People, Environment

WHO to Release Deadly Toll of Air Pollution

WHO to Release Deadly Toll of Air PollutionWHO to Release Deadly Toll of Air Pollution

The World Health Organization is set to release shock figures of premature deaths worldwide due to air pollution next month, highlighting the lethal effect of poor air quality on millions of people that is threatening to overwhelm health services across the planet.

Quoting WHO, the British newspaper The Guardian reports that the figures will show air pollution has worsened since 2014 in hundreds of cities in the world, prompting the organization to claim that there is now a global “public health emergency” that will take an unprecedented financial toll on governments.

The latest data, taken from 2,000 cities, will show further deterioration in many places as populations have grown, leaving large areas under clouds of smog created by a mix of transport fumes, construction dust, toxic gases from power generation and wood burning in homes.

“We have a public health emergency in many countries from pollution. It’s dramatic, one of the biggest problems we are facing globally, with horrible future costs to society,” said Maria Neira, head of public health at the WHO, which is a specialist agency of the United Nations.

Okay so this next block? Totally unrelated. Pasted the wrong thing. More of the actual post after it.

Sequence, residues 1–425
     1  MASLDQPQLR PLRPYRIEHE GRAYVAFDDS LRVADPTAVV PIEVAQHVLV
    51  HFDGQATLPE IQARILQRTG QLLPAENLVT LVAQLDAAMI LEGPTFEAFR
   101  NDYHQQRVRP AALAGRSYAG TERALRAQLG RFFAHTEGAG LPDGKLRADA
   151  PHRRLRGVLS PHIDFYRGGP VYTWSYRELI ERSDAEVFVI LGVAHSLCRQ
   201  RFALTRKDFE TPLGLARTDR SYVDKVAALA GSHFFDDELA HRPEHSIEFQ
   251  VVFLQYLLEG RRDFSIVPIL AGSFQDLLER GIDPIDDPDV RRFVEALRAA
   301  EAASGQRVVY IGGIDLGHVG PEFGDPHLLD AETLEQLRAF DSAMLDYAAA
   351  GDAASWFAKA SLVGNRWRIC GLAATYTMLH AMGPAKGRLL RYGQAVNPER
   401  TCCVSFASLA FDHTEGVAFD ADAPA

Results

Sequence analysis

“Air pollution leads to chronic diseases which require hospital space. Before, we knew that pollution was responsible for diseases like pneumonia and asthma. Now we know that it leads to bloodstream, heart and cardiovascular diseases, too – even dementia. We are storing up problems. These are chronic diseases that require hospital beds. The cost will be enormous,” said Neira.

According to the UN, there are now 3.3 million premature deaths every year from air pollution, about three-quarters of which are from strokes and heart attacks. With nearly 1.4 million deaths a year, China has the most air pollution fatalities, followed by India with 645,000 and Pakistan with 110,000.

With 80,000 annual pollution-related deaths every year, Iran is a top-five country in terms of air pollution mortality. In Tehran alone, more than 4,400 people die every year due to poor air quality, meaning one person dies every two hours due to dangerously high concentrations of air pollutants.

The Iranian capital’s air pollution plight this year has forced officials to cancel schools for a total of seven days in the past four weeks.

The latest scientific research, published in the journal Nature, suggests that air pollution now kills more people a year than malaria and HIV combined, and in many countries accounts for roughly 10 times more deaths than road accidents.

According to the WHO, air quality is deteriorating around the world to the point where only one in eight people live in cities that meet recommended air pollution levels.